TBIs are considered a silent epidemic because it is not always obvious when someone has a brain injury compared to other ailments that are more visible. Those dealing with TBIs can be reluctant to talk about their injury or discuss anything that has such a major effect on their cognitive function.

“When you see someone walking with a guide dog, or you see someone using a wheelchair you know automatically that there is something different, and that’s not a judgment, that’s just the way it is,” Hicks said. “With a TBI, you don’t know when you meet someone that they suffered the traumatic brain injury because the majority of the time there’s no outward appearance or no visual sign that they have a TBI.”

When someone suffers a TBI, the effects can be both immediate and long term. A mild concussion can produce memory loss immediately after the injury, yet normal brain function can be maintained for a few days to a few weeks. In more serious cases, the effects can last a lifetime, including migraine headaches, memory issues, and difficulties with problem solving or calculations.

After someone sustains a serious brain injury, there can be changes to aspects of their personality, their ability to cope with stress, and even basic learning and job skills. The interesting part, according to Hicks, is that the effects after sustaining a TBI are due to where exactly in the brain the person is hit and the severity of the impact to that area of the head.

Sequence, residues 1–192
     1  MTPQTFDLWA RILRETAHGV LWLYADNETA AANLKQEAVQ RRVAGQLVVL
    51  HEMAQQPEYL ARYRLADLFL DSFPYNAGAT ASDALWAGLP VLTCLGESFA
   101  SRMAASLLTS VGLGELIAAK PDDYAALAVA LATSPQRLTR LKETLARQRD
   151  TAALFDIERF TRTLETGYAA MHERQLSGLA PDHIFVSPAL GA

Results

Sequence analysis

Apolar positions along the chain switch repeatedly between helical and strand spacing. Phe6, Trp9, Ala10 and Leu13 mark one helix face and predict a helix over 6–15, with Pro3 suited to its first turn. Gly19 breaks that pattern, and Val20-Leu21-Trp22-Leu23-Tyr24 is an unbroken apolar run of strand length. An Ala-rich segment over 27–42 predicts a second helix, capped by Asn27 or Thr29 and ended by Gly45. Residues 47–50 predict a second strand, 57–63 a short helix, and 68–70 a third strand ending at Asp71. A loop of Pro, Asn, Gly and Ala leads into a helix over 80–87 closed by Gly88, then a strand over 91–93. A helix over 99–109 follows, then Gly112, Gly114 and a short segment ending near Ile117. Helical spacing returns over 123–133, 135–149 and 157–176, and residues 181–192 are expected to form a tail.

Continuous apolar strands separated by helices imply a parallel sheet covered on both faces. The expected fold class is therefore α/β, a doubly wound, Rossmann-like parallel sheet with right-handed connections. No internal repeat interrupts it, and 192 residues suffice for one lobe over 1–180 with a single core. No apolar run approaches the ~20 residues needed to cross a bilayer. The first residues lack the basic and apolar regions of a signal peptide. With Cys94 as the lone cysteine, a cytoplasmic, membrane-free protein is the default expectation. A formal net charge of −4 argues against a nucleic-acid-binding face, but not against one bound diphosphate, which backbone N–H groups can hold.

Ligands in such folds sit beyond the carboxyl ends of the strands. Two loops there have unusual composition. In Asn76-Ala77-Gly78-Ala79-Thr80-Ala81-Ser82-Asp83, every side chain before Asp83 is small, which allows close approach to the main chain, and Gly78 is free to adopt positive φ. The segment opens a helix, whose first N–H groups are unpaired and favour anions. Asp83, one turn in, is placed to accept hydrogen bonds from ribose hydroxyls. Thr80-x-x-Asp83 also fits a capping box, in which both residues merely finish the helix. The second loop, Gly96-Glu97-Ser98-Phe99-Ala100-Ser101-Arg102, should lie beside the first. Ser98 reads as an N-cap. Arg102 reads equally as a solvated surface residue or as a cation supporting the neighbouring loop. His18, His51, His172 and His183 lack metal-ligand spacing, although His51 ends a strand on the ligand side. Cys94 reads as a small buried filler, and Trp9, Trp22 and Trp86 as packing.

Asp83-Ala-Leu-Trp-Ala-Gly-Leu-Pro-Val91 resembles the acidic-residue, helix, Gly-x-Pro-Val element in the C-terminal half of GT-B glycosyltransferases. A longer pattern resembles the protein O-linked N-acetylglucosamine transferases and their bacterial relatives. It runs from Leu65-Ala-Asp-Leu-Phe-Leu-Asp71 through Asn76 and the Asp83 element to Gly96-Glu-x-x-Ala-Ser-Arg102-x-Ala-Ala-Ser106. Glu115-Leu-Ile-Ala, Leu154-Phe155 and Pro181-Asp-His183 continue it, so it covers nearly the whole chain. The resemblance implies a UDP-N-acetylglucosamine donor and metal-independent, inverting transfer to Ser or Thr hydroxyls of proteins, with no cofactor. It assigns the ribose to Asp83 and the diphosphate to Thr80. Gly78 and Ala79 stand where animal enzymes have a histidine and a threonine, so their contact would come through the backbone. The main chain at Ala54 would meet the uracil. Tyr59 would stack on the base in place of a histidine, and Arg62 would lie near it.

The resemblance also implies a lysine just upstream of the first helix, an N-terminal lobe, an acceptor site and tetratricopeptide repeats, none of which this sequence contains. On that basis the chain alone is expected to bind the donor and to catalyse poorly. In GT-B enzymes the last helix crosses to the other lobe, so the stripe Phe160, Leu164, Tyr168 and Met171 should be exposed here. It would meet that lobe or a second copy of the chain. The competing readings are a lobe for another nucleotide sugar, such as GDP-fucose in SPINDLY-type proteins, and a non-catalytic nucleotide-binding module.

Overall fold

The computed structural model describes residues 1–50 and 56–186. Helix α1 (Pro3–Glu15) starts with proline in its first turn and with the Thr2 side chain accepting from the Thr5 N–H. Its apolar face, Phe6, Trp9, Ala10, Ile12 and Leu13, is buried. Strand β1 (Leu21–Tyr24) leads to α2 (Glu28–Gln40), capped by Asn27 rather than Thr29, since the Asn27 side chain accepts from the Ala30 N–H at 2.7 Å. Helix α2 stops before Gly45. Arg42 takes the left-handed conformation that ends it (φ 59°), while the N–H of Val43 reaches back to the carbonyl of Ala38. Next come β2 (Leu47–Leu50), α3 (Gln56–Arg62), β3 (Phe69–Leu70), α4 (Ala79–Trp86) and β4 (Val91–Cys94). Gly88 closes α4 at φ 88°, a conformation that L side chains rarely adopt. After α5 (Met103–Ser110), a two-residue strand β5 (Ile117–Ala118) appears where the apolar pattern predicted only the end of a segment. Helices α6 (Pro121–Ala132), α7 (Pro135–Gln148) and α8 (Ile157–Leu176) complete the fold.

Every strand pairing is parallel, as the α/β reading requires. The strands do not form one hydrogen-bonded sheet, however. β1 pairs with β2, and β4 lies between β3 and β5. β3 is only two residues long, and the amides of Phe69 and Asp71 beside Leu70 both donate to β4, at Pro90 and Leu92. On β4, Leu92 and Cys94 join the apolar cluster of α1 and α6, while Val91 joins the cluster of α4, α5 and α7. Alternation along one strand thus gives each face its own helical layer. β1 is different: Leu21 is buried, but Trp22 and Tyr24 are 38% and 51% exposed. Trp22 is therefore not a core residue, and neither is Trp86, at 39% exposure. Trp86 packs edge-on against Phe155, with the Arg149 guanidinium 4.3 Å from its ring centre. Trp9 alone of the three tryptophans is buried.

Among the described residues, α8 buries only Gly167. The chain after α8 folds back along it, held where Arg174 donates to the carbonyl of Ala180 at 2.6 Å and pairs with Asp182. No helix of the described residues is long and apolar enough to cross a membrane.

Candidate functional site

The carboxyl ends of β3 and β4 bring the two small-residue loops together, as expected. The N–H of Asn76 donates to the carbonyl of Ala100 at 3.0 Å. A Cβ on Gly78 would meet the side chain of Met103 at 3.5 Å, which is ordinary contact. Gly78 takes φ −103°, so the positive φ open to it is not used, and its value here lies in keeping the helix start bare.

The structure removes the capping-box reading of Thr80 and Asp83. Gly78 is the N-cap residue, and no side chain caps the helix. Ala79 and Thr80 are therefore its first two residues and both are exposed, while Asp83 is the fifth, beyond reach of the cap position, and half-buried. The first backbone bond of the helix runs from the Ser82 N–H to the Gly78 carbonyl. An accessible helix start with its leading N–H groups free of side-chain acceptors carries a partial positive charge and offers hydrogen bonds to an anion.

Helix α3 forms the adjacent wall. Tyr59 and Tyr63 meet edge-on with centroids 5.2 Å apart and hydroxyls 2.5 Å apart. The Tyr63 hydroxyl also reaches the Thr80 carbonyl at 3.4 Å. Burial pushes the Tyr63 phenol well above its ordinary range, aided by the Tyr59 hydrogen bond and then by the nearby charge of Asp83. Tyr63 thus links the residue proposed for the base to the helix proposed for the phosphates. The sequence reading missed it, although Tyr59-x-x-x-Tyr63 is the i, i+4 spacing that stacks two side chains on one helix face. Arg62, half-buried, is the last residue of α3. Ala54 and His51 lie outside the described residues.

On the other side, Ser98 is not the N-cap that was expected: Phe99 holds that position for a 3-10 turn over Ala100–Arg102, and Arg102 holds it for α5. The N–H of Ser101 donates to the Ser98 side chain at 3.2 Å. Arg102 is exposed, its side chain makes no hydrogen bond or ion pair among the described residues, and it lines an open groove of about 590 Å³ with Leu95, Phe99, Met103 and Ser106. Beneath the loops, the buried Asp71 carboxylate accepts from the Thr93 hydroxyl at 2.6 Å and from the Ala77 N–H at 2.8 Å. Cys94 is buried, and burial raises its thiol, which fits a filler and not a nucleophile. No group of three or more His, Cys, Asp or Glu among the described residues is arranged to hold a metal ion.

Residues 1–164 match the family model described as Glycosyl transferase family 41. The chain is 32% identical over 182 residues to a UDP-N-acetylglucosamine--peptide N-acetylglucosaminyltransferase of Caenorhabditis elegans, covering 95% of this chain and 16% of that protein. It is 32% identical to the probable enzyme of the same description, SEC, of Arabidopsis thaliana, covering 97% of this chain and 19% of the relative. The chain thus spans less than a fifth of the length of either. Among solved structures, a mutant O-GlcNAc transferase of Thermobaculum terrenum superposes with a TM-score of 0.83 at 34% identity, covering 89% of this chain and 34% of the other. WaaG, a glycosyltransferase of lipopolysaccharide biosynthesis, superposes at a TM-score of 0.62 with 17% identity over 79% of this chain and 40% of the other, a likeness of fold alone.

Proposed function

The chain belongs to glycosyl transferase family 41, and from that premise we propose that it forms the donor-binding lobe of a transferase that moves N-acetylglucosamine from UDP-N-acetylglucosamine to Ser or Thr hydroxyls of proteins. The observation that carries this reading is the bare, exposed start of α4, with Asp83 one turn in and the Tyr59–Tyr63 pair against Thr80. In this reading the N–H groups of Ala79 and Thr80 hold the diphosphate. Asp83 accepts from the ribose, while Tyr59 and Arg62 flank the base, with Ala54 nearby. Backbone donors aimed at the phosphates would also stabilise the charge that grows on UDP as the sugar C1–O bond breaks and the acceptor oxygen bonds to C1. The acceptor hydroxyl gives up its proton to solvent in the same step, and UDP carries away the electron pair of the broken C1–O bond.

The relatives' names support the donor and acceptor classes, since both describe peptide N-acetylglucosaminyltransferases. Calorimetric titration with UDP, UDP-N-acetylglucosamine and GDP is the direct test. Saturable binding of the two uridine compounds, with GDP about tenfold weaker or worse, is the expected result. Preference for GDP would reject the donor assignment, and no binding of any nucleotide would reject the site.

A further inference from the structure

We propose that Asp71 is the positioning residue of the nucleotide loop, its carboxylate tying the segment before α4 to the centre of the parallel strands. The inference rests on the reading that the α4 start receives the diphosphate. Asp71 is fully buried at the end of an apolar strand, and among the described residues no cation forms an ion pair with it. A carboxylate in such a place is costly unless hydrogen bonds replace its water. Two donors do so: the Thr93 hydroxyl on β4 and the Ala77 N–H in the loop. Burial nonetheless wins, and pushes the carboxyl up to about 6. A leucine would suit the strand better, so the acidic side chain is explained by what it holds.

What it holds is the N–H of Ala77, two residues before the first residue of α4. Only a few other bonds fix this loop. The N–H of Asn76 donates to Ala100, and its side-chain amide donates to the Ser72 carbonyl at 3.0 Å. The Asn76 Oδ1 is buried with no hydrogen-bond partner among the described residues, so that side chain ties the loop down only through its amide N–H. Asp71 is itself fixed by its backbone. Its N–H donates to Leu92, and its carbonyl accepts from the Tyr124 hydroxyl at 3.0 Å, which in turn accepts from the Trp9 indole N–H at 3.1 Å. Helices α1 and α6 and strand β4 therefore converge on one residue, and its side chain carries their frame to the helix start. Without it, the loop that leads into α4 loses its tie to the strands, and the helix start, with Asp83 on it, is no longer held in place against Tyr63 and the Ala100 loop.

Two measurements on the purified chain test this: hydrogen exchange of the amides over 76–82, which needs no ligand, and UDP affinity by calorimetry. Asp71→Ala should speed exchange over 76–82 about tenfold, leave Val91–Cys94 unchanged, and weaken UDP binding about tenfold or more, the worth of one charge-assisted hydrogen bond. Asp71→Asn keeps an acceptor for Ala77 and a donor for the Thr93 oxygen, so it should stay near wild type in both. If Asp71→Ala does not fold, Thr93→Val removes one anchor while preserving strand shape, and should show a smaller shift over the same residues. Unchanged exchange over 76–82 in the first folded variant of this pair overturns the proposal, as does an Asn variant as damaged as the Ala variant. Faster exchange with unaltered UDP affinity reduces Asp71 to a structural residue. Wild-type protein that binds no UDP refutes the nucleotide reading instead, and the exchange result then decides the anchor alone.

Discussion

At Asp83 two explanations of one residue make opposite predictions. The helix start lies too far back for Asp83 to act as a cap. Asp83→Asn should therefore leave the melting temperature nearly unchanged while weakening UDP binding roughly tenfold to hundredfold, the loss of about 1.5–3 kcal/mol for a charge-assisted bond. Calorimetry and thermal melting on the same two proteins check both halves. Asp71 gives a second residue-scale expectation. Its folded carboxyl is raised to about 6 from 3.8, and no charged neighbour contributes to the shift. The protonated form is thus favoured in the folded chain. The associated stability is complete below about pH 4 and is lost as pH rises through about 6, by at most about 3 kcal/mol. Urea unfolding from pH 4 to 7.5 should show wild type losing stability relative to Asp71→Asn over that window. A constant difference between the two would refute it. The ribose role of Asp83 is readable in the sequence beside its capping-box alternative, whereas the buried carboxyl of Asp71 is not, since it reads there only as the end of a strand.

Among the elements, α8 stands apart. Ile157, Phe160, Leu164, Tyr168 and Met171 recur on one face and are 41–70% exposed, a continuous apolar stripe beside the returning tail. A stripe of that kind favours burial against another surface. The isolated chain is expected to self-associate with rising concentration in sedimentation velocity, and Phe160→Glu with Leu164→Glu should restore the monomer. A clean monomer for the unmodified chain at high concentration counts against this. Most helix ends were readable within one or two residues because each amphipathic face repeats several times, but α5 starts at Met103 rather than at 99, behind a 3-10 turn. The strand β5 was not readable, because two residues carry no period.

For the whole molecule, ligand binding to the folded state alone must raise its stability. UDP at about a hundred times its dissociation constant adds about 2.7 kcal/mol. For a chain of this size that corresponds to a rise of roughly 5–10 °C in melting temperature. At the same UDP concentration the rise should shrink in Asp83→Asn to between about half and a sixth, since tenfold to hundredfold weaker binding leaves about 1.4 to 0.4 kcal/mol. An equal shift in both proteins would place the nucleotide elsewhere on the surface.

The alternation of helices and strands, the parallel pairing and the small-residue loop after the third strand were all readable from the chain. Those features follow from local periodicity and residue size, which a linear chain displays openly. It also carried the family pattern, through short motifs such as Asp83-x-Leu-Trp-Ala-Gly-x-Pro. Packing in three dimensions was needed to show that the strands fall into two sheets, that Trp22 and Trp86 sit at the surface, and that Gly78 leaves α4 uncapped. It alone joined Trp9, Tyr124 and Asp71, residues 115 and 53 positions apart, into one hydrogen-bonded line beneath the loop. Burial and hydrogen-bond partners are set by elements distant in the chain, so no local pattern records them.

“Different parts of the brain control different aspects of your bodily functions. Memory is in one section, coordination and muscle control is in another section. Breathing and involuntary reactions is in another section, that would of course be the most severe. It definitely depends where you get hit and how severe the blow is to that area,” Hicks said.

The behavioral changes resulting from a TBI can come in many different forms and can make the simplest daily tasks a challenge. Mundane chores become frustrating, which can lead to anger and problems with impulse control. TBI victims also often experience headaches, nausea and lack of sleep. In some cases, the inability to perform daily functions can result in anxiety and depression.

From an advocacy perspective, the WV TBI Program has statewide programs to help raise awareness about the dangers of brain injuries. This includes visits to nursing homes, schools and public events. The program in place at the State Fair of West Virginia has gained a lot of popularity over the last few years.

Every year the WV TBI Program has been going the state fair and handing out information about TBI’s to families. They also conduct a free raffle where donated bicycle helmets for kids and motorcycle helmets for adults are given away. The local Harley Davidson shop and motorsports shops around Morgantown are all very helpful with supplying the helmets for the raffle.

“They know every year we’re going to be doing that so they provide donations as an advocacy for brain safety, which is fantastic,” said Hicks.